"On the fourth of July, 1982, greeting the return of the space shut­tle to Edwards Air Force Base, Reagan gave his fullest tribute to Turnerian frontier history. "The conquest of new frontiers for the betterment of our homes and families," he said, "is a crucial part of our national character." Like Kennedy, Reagan parted from Turner to affirm the openness of America 's frontiers: "There are those who thought the closing of the Western frontier marked an end to America 's greatest period of vitality. Yet we're crossing new frontiers every day." With the specter of a closed frontier disposed of, Reagan returned to the Turnerian terms of basic American character; the space shuttle's astronauts "reaffirm to all of us that as long as there are frontiers to be explored and conquered, Americans will lead the way. "

"The frontier of an expanding and confident nation; the frontier of cultural interpenetration; the frontier of contracting rural settlement; the frontier of science, technology, and space; the frontier of civil rights where black pioneers ventured and persevered; the frontiers between nations in Europe, Asia, and Africa; la frontera of the Rio Grande and the deserts of the Southwestern United States and northern Mexico--somewhere in the midst of this weird hodgepodge of frontier and pioneer imagery lie important lessons about the American identity, sense of history, and direction for the future."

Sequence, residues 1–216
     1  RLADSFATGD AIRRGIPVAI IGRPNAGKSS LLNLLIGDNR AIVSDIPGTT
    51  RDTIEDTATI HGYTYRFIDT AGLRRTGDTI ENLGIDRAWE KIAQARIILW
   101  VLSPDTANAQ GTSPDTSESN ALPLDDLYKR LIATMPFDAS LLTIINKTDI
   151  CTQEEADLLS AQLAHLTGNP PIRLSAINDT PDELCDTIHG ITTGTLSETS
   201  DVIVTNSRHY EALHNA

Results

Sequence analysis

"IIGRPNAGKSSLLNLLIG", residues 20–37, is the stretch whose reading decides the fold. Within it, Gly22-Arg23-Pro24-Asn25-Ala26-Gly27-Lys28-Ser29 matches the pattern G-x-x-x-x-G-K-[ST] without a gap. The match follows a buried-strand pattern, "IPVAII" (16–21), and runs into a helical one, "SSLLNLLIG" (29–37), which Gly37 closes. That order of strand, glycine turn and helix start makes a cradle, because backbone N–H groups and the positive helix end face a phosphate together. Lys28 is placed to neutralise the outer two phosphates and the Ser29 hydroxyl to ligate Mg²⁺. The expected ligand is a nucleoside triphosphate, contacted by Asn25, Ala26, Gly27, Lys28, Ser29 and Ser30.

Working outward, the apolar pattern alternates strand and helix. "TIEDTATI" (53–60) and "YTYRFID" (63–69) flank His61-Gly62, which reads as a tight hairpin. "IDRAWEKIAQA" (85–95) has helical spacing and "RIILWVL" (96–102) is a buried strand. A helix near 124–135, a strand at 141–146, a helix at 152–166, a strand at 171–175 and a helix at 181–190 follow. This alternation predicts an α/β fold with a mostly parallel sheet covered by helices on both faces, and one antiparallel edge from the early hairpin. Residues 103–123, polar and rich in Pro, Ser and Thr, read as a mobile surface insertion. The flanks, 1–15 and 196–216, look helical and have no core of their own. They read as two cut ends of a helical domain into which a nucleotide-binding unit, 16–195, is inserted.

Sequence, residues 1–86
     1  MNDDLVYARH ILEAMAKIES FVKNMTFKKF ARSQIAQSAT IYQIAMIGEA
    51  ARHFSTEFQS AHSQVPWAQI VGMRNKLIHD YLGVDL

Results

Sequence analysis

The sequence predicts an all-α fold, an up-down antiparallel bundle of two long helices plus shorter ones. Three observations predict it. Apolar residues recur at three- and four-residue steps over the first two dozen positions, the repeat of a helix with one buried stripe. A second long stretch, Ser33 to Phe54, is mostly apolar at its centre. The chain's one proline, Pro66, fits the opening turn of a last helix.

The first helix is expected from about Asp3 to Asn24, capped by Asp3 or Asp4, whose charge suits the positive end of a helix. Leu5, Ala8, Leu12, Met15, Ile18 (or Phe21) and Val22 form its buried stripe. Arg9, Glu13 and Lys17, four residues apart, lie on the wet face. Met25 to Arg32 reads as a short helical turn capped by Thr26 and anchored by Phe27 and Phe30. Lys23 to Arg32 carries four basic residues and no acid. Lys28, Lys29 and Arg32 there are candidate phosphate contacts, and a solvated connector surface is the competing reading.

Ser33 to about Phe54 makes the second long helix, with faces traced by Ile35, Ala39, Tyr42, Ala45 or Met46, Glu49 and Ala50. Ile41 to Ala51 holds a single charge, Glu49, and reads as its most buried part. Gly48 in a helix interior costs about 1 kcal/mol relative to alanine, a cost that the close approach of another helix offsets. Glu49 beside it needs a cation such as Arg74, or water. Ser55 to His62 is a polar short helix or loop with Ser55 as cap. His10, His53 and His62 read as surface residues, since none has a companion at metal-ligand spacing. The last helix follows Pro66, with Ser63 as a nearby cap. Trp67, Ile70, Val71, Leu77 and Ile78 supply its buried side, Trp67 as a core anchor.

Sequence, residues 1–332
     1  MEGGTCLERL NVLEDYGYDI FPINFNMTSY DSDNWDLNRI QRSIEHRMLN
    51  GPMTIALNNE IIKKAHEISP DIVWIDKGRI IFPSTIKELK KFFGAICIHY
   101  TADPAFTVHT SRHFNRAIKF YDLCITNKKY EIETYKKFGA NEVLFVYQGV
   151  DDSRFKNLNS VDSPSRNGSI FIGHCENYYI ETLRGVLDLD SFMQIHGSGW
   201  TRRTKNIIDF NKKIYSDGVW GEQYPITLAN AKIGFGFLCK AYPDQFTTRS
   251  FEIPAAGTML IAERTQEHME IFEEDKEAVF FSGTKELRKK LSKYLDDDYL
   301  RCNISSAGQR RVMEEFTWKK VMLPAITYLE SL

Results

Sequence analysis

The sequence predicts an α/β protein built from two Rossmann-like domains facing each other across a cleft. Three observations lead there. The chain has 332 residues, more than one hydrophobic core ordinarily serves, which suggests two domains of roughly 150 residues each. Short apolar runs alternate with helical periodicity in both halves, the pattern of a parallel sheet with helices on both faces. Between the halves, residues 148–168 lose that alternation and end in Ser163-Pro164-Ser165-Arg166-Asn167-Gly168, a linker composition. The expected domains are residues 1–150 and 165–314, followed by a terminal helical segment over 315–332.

Limerick, Introduction to Legacy of Conquest

"Like slavery, conquest tested the ideals of the United States. Conquest deeply affected both the conqueror and the conquered, just as slavery shaped slaveholder and slave. Both historical experiences left deep imprints on particular regions and on the nation at large. The legacy of slavery and the legacy of conquest endure, shaping events in our own time."